Technology Transfer Best Practices - Georgia Tech


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Technology Transfer Best Practices - Georgia Tech

  1. 1. TECHNOLOGY TRANSFERBEST PRACTICES-GEORGIA TECHPatrick E. ReedDirector, Office of Technology ManagementLSU Health Sciences Center – New Orleans
  2. 2. • Ranked 8th in ‘09 on The University PatentScorecard™• Ranked 3rd in “Pure” software patentsand 8th in software patents overall in theDuke Law School Science, Technology, andInnovation Research Paper Series• Ranked 11th overall for tech transfer andcommercialization in the Milken Institutereport Mind to Market, 9/20/06• Inc. Magazine named Georgia Tech amongits list of the five U.S. universities knownfor turning campus-based innovations intostart-upsMENTIONS
  3. 3. FY2011•16 FTEs (5 in licensing positions)•$714M in Research Expenditures ($45Mfrom industry)•384Technology Disclosures•246 Patents Filed•79 Patents Issued•78 Licenses/Options Executed•5 Startups, over 100 since 2000•$3.8M Licensing RevenueTHENUMBERS
  4. 4. • Flexibility• Accountability• Transparency• Efficiency• Cater to IndustryBESTPRACTICES
  5. 5. • Georgia Tech Research Corporation– Separate 501(c)(3)• Performs financial, contracting, andsome personnel functions for Tech• Patent holder for Tech inventions• Faster/more flexible negotiationsFLEXIBLE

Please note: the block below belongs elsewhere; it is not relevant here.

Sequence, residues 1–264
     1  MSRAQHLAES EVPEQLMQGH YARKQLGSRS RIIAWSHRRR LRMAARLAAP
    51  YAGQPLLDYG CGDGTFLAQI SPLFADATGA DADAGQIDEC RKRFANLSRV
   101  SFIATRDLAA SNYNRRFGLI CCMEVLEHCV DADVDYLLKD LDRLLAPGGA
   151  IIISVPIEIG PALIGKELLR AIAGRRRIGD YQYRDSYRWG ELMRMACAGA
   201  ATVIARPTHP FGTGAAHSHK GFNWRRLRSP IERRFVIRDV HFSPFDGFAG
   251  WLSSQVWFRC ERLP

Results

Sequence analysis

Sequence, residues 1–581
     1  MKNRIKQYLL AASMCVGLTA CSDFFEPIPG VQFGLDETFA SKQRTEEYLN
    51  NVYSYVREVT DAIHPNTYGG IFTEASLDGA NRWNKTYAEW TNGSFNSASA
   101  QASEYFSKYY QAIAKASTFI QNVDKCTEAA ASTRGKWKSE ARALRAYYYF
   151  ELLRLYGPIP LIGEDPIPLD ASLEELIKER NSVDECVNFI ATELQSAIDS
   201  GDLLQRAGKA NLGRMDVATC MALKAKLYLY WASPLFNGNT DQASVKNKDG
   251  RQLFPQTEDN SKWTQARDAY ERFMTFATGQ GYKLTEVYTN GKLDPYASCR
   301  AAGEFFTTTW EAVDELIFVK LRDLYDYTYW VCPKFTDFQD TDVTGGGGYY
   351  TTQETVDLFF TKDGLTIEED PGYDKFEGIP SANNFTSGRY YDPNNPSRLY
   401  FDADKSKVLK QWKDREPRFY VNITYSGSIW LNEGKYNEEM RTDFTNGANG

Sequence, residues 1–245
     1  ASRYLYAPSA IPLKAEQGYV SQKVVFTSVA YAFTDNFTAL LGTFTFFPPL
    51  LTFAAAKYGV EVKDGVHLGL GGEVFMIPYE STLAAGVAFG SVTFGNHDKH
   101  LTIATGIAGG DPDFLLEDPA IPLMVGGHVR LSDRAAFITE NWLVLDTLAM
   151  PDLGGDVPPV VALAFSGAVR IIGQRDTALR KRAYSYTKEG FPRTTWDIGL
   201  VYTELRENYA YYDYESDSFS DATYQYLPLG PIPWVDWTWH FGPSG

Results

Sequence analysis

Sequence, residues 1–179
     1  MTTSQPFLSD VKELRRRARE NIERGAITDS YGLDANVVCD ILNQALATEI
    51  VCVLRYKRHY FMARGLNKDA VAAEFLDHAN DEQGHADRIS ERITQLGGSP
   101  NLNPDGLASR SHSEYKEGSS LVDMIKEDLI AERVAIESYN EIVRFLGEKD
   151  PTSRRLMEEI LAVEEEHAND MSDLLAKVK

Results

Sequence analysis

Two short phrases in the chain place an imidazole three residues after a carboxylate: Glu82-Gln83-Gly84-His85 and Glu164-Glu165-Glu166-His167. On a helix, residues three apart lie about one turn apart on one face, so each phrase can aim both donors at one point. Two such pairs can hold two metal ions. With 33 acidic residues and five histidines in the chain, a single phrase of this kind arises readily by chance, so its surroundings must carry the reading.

6. 6. • Georgia Tech is bound by state law, butGTRC is not a state institutionHOWEVER…• GTRC must stand ready to assign all ofits obligations to Tech if it was dissolved–Can argue both ways in negotiations–Assessment of riskFLEXIBLE
  7. 7. • Choice of IP counsel– ~$450 for partners and ~$300 forassociates– A wide range of technical expertiseand experience– Prompt service with the possibilityof 11thhour filings– Able to accommodate inventorrequests for specific counsel• Could not delay GTRC actionsFLEXIBLE
  8. 8. • Licensing Associates responsible for aportfolio of cases from cradle-to-grave:– Evaluate and determine patent filingstrategy• Work with outside legal counsel– Market– Negotiate licenses– Execute licenses– Post-licensing complianceACCOUNTABLE
  9. 9. • Signature authority• No outside review of agreements– No formal internal review• Education is important– University Policy and Procedure,Export control, IRS regulations,basic IP law, federal researchguidelines, negotiating skills, etc.• Associates given special topic areas inwhich to become the Office ExpertsACCOUNTABLE
  10. 10. • Avoid the Invention Disclosure BlackHole…..– Keep inventors up-to-date– Explain the logic behind thedecisions you make and take painsto have them agree– If the decision is made NOT topursue an invention, make it asquickly as possibleTRANSPARENT
  11. 11. Commercialization Roadmap•Scorecard used to review an invention– Allows for a more objective review– Used as a conversation starter•Serves as the document to lay bare thedecision making process•Ultimately allows for better filing decisions– This then leads to increased patentexpenditures reimbursementTRANSPARENT